Oliver Jeffers is an Irish artist (born in Australia and now living in Brooklyn) also known for his childrens’ book illustrations, most famous for the pictures in “The Day the Crayons Quit” by Drew Daywalt, and also for the pictures in “The Boy in the Striped Pajames” by John Boyne.

Jeffers has many of his own books as well, that he wrote and illustrated on his own.

He has been putting out two or three books each year since 2004.

Where Can I Get it

Google has a preview

Harper Collins has an mp3 of the audiobook version

Steam Train, Dream Train

What is it

Steam Train, Dream Train is a very charming, beautifully-illustrated book that tells a simple story in verse of a freight train being loaded by animals, explaining all the types of train cars along the way.

Who is it for

Kids as young as 2 (or possibly younger) who are in a “train phase” enjoy the images of the train. Slightly older kids enjoy all the details in the pictures showing the animals and cargo, kids a bit older than that enjoy the verse by Sherri Duskey Rinker and can read along. So 2 to 5 is probably ideal. It’s been a fixture on our shelf for years as each kid discovers it.

What Kids Like

Trains are always a hit for some kids. The illustrations by Tom Lichtenheld are wonderful and full of details for the kids to pick out.

What Parents Like

The theme is of a night train being loaded before bed, and is perfect bedtime reading. The final page makes you ask the question of whether the story you just read is real, or part of a dream.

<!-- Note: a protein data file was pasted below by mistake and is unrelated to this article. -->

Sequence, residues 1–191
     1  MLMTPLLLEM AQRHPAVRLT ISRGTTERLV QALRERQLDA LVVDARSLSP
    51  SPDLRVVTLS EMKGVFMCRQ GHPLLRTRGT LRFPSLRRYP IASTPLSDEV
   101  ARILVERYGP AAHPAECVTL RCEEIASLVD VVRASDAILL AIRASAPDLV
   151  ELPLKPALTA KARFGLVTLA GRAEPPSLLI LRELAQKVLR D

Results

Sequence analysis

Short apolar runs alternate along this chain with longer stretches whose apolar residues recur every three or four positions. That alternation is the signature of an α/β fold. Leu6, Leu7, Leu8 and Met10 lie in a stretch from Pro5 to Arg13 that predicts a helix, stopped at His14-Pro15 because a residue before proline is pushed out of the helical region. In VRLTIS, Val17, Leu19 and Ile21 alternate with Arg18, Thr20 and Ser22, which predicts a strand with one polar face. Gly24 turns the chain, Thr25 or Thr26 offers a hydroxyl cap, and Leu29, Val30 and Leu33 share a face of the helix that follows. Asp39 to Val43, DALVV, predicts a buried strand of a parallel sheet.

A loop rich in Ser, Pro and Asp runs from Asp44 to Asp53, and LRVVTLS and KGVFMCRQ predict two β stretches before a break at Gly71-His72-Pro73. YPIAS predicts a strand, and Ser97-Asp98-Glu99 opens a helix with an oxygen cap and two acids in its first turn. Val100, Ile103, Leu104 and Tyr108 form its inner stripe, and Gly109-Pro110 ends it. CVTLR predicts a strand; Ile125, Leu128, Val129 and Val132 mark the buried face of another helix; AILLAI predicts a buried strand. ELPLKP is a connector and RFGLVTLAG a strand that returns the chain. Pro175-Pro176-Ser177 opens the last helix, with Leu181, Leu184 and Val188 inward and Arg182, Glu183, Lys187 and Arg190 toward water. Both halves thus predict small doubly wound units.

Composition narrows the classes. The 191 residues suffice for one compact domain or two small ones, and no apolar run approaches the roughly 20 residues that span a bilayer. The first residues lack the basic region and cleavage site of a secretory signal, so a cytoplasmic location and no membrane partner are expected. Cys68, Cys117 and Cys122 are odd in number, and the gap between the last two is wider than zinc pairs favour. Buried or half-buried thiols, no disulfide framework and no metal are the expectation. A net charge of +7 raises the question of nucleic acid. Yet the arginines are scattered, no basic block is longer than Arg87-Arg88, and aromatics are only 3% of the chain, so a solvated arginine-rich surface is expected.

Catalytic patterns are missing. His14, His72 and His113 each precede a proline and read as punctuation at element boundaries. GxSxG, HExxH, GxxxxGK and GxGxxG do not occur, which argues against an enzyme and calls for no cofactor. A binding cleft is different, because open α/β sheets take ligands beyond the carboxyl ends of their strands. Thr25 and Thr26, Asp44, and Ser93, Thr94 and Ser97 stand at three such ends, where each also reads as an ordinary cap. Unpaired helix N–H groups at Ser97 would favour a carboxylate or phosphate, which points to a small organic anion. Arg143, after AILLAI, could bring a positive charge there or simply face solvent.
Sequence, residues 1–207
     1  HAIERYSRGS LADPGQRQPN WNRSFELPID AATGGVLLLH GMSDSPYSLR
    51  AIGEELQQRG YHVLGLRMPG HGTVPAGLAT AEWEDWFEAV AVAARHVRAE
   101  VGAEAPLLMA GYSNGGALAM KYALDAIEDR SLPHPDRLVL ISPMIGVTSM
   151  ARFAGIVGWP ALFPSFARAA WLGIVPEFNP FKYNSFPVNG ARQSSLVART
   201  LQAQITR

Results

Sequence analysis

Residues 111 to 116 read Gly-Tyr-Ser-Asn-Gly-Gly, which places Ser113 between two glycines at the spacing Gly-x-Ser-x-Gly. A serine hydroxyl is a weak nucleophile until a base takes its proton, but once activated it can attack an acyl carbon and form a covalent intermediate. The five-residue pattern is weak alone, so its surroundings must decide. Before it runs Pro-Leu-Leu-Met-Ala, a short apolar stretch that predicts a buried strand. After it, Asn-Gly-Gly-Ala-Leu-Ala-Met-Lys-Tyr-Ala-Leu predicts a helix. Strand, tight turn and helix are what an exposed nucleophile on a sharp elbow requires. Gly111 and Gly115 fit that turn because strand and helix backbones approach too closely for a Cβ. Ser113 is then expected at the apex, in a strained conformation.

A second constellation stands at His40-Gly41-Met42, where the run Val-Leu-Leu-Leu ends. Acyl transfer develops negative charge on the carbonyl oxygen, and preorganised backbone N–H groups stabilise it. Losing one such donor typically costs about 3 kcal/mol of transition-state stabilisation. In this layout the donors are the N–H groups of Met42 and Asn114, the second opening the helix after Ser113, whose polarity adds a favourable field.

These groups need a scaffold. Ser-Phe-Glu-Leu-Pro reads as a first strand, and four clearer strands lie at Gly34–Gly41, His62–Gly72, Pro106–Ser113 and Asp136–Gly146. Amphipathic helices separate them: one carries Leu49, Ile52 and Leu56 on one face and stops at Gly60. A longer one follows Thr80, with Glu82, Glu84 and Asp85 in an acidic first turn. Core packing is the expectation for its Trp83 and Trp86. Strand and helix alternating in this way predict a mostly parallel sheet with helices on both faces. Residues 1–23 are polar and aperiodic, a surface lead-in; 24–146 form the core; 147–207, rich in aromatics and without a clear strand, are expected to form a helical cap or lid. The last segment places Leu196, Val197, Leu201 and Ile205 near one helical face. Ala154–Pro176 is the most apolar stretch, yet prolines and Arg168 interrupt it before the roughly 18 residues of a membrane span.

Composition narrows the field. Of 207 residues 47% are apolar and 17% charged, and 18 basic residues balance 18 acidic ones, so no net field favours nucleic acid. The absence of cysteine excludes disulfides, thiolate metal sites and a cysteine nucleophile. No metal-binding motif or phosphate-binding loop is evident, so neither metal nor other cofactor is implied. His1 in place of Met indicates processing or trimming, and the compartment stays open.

The cover is attractive and passes the “Melissa and Doug test” of being appealing enough to show off on a bookshelf.

I have a fond memory of buying this book soon after it was published, on a lovely, snowy evening in December at Books of Wonder in New York. I read it to our oldest perhaps 50 times over the next few months.

What the Critics Think

4.4/5 at Barnes & Noble, 4.1/5 at Goodreads

Who Made it/History

Tom Lichtenheld drew the pictures and Sherri Duskey Rinker. They worked together on Goodnight, Goodnight, Construction Site in 2011 as well.

Shake a Leg!

There are so many board books available for little kids, and it’s hard to know in advance which ones kids will actually like.

This is one of the few that our little ones keep pulling off the shelf

What is it

Shake a Leg! is a stanard-sized board book with a dozen spreads with drawings of Sesame Street Muppets rubbing their tummies, patting their heads, etc. With each picture there is an associated movement and sound.

Who is it for

This book is ideal for a child that is old enough to be read to and still learning body parts and basic sounds.

What Kids Like

The kids like that the book is essentially an ultra-simple yoga routine instruction. Reading it together becomes a fun 5 minutes of movement together.

What Parents Like

I like that the book, with its movement, is different from most other books. It gets me out of the chair and it’s fun for both of us.

What the Critics Think

GoodReads gives it 4.3/5. Amazon gives it 4.8/5

Who Made it

The book was written by Constance Allen, who has written dozens of books based on Sesame Street characters. The illustrations are by Maggie Swanson, who has illustrated several dozen kids’ books, many of which are Sesame Street books.

History

The book was first published in 2010 as part of the Big Bird’s Favorite Board Book series.